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Allt Forgan 'summit' is somewhere in that field

Having admired the non-views from the highest tussocks, there’s little to keep me here, so it’s time to move off this barren hill. Heading east I soon spot a track before the pine forest heading south east. It feels almost joyous being on a recognised path and I’m now able to pick up the pace a little. The track heads slightly downhill alongside a stone wall and the forest beyond and soon swings sharp left and through a gate and then north into the forest. At a point where the track now swings sharp right, my GPS tells me there is a path straight ahead and through the forest, well its true there is a gap made between the trees following some tree felling but I would hardly call it a path. I decide to take it anyway and head down through the pines. I eventually emerge onto a logging road, the GPS again tells me the ‘path’ continues straight between the trees, however I’ve had enough of that, it’s not much fun cutting through the trees in near darkness so decide to follow the road left in a clockwise loop. Once the road starts to turn south again I know that to my left Allt Lwyd awaits and I look for a gap in the trees but totally in vain, the forest is thick and dense and there is no way up through the trees so I keep on walking down the road eventually coming to a clearing which I head up through. Although a clearing it’s still a minefield of tree stumps, bracken and fern, but at least I can see the sky, or more precisely the clouds supplying the continuous drizzle. At about 1400ft the minefield is at an end and it’s a hop over a wire fence into the fern. There are occasional traces of footpaths which I occasionally follow for a few yards here and there however they all seem to traverse the hill side rather than go straight up it so I ignore then and head straight up. It’s a bit of a calf buster but the grass isn’t nearly as long as it is on Allt Forgan and eventually I’m at the top of another flat hill. Again it’s difficult to tell where exactly the high point is, there is a collection of stones loosely resembling a cairn which is where the recognised summit of 2143ft is, but I couldn’t honestly say it was any higher than anywhere else nearby.
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Allt Lwyd summit stones

The assortment of stones on Allt Lwyd actually sit on a very faint grassy path cutting through the heather, following this path North West eventually leads through the mist out onto a more prominent path which is Waun Rydd bound. Coming off Allt Lwyd the ground dips slightly and I’m exposed to sharp wind coming from the South West, for virtually all of this walk so far this wind has been behind me pushing me up the hills. Now it’s almost in my face and seems to be getting stronger with every step. Through the mist I can see the ground is rising as I head up the South East shoulder of Wynn Rydd. The wind has now stepped up from a constant gale and is heading towards a relentless hooley with the rain not so much coming down more literally across.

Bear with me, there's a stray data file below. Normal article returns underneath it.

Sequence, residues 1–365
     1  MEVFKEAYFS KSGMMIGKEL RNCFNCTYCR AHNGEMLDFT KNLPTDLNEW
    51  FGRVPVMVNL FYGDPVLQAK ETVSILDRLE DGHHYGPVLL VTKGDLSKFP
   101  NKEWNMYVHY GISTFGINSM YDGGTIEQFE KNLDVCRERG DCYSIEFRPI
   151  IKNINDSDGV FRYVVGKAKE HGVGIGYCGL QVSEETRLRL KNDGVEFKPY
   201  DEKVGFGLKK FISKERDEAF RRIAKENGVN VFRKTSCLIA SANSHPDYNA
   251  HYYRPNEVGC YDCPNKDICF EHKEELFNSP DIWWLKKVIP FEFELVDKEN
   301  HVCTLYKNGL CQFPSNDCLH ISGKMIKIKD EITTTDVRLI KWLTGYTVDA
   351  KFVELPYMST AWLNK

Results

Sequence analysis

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Featureless moorland heading up towards Waun Rydd

Head down and pressing on I continue up the hill which before long levels out. Just after a mile from Allt Lwyd there is a 4 way path junction and I know I have to continue straight over and then look for a path heading right towards Wynn Rydd summit. I keep my eye on scanning duties searching out a path but I see nothing, I pass by the higher ground to the right and realise that I’ve clearly missed the path so it’s an about turn and look again, still absolutely nothing so it’s off piste again into the unknown in seek of the Waun Rydd summit. Guided by GPS, I hone in on the summit cairn which for a change is fairly obvious. Waun Rydd is the highest point east of Cribyn in the central Fans and at 2524ft I’m sure the views of the ridge round to Fan y Big and Cribyn beyond are fantastic, any other day other than today that is for today nowhere else can be seen at all.